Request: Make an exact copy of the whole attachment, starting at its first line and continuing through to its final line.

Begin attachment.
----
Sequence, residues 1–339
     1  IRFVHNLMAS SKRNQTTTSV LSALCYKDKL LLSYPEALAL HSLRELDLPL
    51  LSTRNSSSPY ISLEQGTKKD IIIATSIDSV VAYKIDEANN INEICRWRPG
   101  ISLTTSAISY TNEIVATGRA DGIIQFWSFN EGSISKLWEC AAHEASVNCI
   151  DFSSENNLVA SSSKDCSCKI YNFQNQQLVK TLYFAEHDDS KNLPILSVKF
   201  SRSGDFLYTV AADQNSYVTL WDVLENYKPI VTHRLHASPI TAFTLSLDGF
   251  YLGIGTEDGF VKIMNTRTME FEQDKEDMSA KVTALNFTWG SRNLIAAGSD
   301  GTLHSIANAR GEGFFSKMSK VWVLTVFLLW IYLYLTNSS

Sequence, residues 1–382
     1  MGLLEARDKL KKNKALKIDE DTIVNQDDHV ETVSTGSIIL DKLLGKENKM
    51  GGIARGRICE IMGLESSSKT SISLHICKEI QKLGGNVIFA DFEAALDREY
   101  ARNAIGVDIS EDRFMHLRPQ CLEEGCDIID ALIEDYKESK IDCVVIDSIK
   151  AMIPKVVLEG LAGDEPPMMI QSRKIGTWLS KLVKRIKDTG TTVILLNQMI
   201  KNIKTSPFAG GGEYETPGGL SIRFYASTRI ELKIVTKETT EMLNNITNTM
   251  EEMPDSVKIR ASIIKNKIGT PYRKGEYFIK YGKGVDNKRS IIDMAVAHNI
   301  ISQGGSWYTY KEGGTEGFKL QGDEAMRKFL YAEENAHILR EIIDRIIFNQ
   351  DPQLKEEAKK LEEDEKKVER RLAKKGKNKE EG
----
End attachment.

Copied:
Sequence, residues 1–339
     1  IRFVHNLMAS SKRNQTTTSV LSALCYKDKL LLSYPEALAL HSLRELDLPL
    51  LSTRNSSSPY ISLEQGTKKD IIIATSIDSV VAYKIDEANN INEICRWRPG
   101  ISLTTSAISY TNEIVATGRA DGIIQFWSFN EGSISKLWEC AAHEASVNCI
   151  DFSSENNLVA SSSKDCSCKI YNFQNQQLVK TLYFAEHDDS KNLPILSVKF
   201  SRSGDFLYTV AADQNSYVTL WDVLENYKPI VTHRLHASPI TAFTLSLDGF
   251  YLGIGTEDGF VKIMNTRTME FEQDKEDMSA KVTALNFTWG SRNLIAAGSD
   301  GTLHSIANAR GEGFFSKMSK VWVLTVFLLW IYLYLTNSS

Sequence, residues 1–382
     1  MGLLEARDKL KKNKALKIDE DTIVNQDDHV ETVSTGSIIL DKLLGKENKM
    51  GGIARGRICE IMGLESSSKT SISLHICKEI QKLGGNVIFA DFEAALDREY
   101  ARNAIGVDIS EDRFMHLRPQ CLEEGCDIID ALIEDYKESK IDCVVIDSIK
   151  AMIPKVVLEG LAGDEPPMMI QSRKIGTWLS KLVKRIKDTG TTVILLNQMI
   201  KNIKTSPFAG GGEYETPGGL SIRFYASTRI ELKIVTKETT EMLNNITNTM
   251  EEMPDSVKIR ASIIKNKIGT PYRKGEYFIK YGKGVDNKRS IIDMAVAHNI
   301  ISQGGSWYTY KEGGTEGFKL QGDEAMRKFL YAEENAHILR EIIDRIIFNQ
   351  DPQLKEEAKK LEEDEKKVER RLAKKGKNKE EG